Thinking of a Career in Emergency Management?
- BY Nicole Pelette
Established in 1944, the WBG is one of the world’s largest sources of funding and knowledge for development solutions. In fiscal year 2018, the WBG committed $67 billion in loans, grants, equity investments and guarantees to its members and private businesses, of which $24 billion was concessional finance to its poorest members. It is governed by 188-member countries and delivers services out of 120 offices with nearly 15,000 staff located globally.
The WBG consists of five specialized institutions: the International Bank for Reconstruction and Development (IBRD), the International Development Association (IDA), the International Finance Corporation (IFC), the Multilateral Investment Guarantee Agency (MIGA), and the International Centre for the Settlement of Investment Disputes (ICSID). The WBG is organized into six client-facing Regional Vice-Presidencies, several corporate functions and fourteen Global Practices to bring best-in-class knowledge and solutions to regional and country clients.
Health, Nutrition, and Population (HNP) Global Practice
The central contribution of the HNP Global Practice to the World Bank’s twin goals is to enable the achievement of Universal Health Coverage (UHC), in which all people are effectively covered by essential health services, and nobody suffers undue financial hardship as a result of illnesses. In the quest for UHC, the HNP Global Practice is building on progress made in the framework of the Millennium Development Goals, an array of analytical and advisory services, strategic partnerships with partner institutions and other financing agencies, and an active lending portfolio. The HNP Global Practice includes staff members in Washington, DC and many country offices. The HNP Global Practices works with and across multiple sectors, in recognition of the fact that HNP outcomes often depend on actions that lie outside the HNP sector. Accordingly, a capacity to work across GP boundaries, forge coalitions and influence multi-practice solutions is essential for achieving the major objectives of improving HNP outcomes.
Even though there is sign of improvement, Pakistan has made limited and uneven progress in improving nutritional and health outcomes of children and mothers. The 2017/18 PDHS indicates that declines in child mortality rates have been slow with under 5 mortality rate at 74 per 1,000 live births. The rates of change vis-à-vis child malnutrition indicators has been also nominal since 1965, with more than one in three children being stunted. Malnutrition is also prevalent among women of reproductive age with 18% being underweight. Maternal morality ratio is also higher than those of other countries in the region and estimated to be 165.6 for the year 2017 and total fertility rate remains nearly unchanged at 3.6.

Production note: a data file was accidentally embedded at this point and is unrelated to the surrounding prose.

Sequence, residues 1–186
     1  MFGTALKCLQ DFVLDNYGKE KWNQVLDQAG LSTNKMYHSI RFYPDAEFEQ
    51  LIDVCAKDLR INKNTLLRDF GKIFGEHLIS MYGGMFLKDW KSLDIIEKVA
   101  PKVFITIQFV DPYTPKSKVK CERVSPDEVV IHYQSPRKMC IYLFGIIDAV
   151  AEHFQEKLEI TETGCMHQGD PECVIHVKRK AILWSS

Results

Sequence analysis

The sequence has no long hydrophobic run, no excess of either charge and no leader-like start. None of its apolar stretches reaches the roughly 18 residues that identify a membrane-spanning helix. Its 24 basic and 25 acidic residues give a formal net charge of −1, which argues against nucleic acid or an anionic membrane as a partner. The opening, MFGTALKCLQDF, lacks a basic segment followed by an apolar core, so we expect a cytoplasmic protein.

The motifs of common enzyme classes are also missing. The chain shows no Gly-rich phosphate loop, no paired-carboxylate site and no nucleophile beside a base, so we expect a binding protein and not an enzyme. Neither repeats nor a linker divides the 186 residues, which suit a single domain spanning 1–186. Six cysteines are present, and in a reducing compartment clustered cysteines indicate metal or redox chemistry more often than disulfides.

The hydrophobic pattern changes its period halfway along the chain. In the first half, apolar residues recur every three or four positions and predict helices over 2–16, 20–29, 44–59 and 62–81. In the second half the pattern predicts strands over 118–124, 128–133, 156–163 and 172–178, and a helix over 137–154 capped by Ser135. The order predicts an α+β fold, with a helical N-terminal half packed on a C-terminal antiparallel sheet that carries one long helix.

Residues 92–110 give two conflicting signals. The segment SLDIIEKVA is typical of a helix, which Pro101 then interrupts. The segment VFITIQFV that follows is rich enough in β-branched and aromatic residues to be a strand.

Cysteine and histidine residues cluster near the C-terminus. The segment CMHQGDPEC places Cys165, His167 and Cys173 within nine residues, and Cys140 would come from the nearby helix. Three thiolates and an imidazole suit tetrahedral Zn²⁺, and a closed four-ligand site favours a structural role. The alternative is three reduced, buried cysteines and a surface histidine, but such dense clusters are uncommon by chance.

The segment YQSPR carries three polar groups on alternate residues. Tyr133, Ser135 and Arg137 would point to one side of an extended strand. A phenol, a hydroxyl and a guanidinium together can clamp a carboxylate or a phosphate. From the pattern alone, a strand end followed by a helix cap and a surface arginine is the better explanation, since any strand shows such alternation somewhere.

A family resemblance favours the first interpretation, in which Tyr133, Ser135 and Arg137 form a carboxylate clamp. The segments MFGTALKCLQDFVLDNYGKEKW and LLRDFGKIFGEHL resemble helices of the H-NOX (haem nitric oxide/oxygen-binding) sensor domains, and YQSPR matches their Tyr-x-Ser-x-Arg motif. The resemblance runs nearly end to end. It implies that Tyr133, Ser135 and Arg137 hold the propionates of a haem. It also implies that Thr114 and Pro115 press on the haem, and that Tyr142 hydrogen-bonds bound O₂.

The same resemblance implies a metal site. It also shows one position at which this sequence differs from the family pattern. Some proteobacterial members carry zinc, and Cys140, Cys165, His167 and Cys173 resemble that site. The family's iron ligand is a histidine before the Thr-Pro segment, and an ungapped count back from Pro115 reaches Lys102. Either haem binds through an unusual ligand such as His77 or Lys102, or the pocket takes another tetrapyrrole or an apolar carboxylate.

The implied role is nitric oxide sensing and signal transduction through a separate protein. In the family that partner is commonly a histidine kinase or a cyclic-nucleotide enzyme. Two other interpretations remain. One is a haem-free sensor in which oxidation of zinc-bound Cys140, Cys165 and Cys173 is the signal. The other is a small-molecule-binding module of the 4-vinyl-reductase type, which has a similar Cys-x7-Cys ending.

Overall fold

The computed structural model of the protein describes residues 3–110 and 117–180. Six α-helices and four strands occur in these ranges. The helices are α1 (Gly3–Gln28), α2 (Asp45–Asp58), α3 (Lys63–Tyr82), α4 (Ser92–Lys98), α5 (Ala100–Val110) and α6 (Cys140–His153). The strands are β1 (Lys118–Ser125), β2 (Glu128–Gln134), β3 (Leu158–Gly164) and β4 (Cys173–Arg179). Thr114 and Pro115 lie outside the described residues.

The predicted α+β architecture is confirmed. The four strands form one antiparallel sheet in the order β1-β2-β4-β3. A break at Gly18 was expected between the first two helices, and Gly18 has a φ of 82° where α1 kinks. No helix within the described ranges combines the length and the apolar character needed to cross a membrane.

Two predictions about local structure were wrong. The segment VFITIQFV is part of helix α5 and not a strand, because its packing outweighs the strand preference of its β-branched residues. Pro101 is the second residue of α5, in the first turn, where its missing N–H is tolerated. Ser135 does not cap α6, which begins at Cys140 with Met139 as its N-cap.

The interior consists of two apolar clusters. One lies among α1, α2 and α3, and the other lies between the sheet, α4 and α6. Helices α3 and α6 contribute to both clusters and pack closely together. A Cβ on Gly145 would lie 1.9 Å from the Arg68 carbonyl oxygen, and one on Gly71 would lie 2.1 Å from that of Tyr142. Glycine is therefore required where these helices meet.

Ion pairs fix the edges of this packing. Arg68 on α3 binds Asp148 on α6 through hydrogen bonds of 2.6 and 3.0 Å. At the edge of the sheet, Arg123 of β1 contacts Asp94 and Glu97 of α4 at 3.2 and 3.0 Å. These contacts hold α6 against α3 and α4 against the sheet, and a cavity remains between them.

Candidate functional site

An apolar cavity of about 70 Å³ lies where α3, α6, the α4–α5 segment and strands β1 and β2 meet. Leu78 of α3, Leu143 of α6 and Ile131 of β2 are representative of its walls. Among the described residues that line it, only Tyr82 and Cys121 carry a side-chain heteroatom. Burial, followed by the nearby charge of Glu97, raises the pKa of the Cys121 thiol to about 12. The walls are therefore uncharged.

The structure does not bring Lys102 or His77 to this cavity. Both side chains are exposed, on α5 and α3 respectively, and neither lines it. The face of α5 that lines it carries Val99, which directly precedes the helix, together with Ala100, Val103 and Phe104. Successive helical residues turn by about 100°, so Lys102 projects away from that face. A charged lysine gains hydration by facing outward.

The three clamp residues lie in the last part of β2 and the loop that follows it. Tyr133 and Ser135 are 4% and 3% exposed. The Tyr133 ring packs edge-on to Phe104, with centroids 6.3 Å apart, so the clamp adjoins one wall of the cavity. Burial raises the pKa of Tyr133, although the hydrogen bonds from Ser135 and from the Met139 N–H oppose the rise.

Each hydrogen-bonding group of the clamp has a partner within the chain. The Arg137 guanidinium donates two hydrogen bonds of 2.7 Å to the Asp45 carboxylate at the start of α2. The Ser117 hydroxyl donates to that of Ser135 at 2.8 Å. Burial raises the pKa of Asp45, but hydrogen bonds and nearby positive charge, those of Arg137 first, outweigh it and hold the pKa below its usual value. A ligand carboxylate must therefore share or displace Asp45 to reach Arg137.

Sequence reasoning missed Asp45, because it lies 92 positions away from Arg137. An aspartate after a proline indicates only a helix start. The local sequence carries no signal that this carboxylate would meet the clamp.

The suboptimal health and nutrition outcomes can be partly explained by limited and uneven utilization as well as inadequate quality of essential health and nutrition services. For example, coverage of selected health indicators for MCH services is improving such as skilled birth attendance (69%), full immunization rates (66%), but other indicators are stagnant like use of contraceptives (34%, with modern contraceptive only 24%). Significant inequity exists in health service access and utilization (e.g., ANC4+-23% in the lowest quintile vs 84% in the highest quintile PDHS2017/8).
The HNP portfolio in Pakistan includes three projects under implementation: the National Immunization Support Project (NISP), the Enhanced Nutrition for Mothers and Child Project, and the Sindh Enhancing Response to Stunting Project. In addition, there are several projects under preparation, including Punjab and Sindh Human Capital Projects. Finally, there are a number of analytical products under preparation, and several others in the pipeline.
The HNP team for Pakistan includes staff in the Country Office in Islamabad, other South Asian countries, and the Washington DC. To strengthen the team, the WBG is recruiting a GF level Economist through a term position based in Islamabad. The Economist will support the World Bank’s HNP portfolio in Pakistan and the broader Human Development (HD) agenda, including the ongoing policy dialogue with Governments and partners, preparation of analytical products, and the preparation and implementation of operations in the sector.
Duties and Accountabilities
The Economist (Health) will report to the HNP Practice Manager and will be responsible for the following tasks and duties:
In addition to the above, the successful candidate is expected to demonstrate the following WBG competencies: